studios. Impression costs went on decreasing with desktop publishing,
photocopiers, color photocopiers and digital printing equipment.
Digitization also accelerated the publication process. Editors,
designers and other contributors could all work at the same time on the
same book. For educational, academic and scientific publications,
online publishing became a cheaper solution than print books, with the
possibility of regular updates to include the latest information.


[In Depth (published in 1999)]

Since the 1970s, the traditional publishing chain has drastically
changed. The printing work done by pre-press shops was first disrupted
by new photocomposition machines. Text and image processing began to be
handed over to advertising and graphic art agencies. Impression costs
went on decreasing with desktop publishing, copiers, color copiers and
digital printing equipment.

In 1997, text and image processing was provided at a low price by
desktop publishing shops and graphic art studios. Digitization
accelerated the publication process. Editors, designers and other
contributors could all work at the same time on the same book.

Digitization also made possible the online publishing of educational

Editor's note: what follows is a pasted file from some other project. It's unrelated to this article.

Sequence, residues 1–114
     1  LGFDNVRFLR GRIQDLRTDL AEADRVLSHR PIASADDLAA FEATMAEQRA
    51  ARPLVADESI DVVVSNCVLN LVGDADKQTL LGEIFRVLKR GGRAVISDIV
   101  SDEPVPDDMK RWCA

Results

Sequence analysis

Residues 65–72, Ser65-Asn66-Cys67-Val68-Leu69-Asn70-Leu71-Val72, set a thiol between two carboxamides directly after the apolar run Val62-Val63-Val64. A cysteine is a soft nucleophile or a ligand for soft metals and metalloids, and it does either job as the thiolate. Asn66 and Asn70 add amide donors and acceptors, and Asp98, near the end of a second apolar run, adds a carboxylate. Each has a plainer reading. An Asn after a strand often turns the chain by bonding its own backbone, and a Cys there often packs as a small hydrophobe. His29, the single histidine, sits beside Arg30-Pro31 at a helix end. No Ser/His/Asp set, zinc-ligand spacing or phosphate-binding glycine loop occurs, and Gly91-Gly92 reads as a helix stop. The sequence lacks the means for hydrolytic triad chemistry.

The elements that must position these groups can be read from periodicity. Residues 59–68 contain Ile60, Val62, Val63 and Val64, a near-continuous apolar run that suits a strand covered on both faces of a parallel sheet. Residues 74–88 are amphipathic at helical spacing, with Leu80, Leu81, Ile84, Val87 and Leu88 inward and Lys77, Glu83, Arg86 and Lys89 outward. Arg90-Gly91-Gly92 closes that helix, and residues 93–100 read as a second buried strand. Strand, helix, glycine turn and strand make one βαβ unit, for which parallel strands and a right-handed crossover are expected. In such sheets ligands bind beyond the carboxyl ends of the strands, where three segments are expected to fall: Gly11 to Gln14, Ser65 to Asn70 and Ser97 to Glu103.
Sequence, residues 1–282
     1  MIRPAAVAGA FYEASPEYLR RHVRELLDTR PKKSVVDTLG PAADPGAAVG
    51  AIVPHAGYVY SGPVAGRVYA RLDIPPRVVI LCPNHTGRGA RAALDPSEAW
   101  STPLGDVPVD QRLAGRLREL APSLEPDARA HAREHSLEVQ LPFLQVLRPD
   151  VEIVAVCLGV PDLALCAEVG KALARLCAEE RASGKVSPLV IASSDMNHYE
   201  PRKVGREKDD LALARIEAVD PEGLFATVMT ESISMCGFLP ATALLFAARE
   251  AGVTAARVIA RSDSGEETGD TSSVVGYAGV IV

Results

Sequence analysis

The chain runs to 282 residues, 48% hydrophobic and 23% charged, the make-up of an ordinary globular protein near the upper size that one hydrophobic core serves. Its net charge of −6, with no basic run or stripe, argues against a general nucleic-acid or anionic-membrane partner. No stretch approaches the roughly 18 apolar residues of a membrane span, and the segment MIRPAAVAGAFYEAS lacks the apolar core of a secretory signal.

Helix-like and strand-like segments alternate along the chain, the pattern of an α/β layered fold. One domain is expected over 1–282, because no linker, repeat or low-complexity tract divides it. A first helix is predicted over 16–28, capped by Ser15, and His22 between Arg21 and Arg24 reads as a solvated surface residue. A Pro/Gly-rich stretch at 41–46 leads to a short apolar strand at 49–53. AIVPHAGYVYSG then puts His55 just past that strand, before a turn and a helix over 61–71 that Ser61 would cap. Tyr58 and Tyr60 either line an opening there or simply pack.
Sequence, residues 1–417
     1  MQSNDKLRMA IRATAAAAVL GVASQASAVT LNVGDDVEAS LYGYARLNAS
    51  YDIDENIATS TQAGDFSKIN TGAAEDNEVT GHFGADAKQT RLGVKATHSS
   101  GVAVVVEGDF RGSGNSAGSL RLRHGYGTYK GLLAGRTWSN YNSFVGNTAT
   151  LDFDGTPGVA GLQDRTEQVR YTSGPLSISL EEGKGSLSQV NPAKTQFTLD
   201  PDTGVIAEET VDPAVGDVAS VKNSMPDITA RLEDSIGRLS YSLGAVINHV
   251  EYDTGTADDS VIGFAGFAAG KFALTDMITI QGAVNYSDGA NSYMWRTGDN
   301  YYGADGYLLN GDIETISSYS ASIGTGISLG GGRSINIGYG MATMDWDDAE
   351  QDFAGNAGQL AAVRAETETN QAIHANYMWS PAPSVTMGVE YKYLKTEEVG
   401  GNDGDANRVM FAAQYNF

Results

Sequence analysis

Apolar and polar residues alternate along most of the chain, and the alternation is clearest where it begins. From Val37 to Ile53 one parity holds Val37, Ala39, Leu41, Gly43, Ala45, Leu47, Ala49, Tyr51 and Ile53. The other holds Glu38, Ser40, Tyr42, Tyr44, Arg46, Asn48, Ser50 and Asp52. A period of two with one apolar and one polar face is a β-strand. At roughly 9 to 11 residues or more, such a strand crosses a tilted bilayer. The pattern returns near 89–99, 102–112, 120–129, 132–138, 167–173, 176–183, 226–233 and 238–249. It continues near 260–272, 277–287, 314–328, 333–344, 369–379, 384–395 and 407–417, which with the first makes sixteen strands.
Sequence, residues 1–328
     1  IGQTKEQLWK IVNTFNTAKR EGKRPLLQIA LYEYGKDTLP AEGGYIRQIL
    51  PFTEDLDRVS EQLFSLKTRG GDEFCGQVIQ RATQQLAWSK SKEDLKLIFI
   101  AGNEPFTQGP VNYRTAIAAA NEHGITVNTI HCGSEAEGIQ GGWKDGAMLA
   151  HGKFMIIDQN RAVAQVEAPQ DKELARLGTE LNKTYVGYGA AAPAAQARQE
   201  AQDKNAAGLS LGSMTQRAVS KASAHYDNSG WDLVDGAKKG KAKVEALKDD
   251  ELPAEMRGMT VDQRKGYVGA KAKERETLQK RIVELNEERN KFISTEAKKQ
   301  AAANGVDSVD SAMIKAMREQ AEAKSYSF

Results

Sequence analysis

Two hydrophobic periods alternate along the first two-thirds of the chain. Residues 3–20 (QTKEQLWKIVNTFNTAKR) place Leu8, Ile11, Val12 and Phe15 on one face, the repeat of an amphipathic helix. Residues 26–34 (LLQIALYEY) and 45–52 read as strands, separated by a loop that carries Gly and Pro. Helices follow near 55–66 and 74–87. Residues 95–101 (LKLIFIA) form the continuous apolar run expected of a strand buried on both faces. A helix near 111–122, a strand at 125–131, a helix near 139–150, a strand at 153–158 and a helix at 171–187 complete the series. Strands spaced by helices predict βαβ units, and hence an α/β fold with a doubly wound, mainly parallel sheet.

and scientific publications, which appeared as a far better solution
than print books, because they could be regularly updated with the
latest information. Some universities began distributing their own
textbooks online, with chapters selected in an extensive database, and
articles and commentaries from professors. For a seminar, a small print
could be made upon request with a selection of online articles sent to
a printer.

Electronic publishing allowed some academic publishers to keep running
their business, with lower costs and quick access. This way, small
publishers went on publishing specialized books, for which the printing
in a small number of copies had become more and more difficult over the
years due to budgetary reasons. These books could now be regularly
updated and their readers benefit from the latest version. Readers
didn't need to wait any more for a new printed edition, often postponed
if not cancelled because of commercial constraints.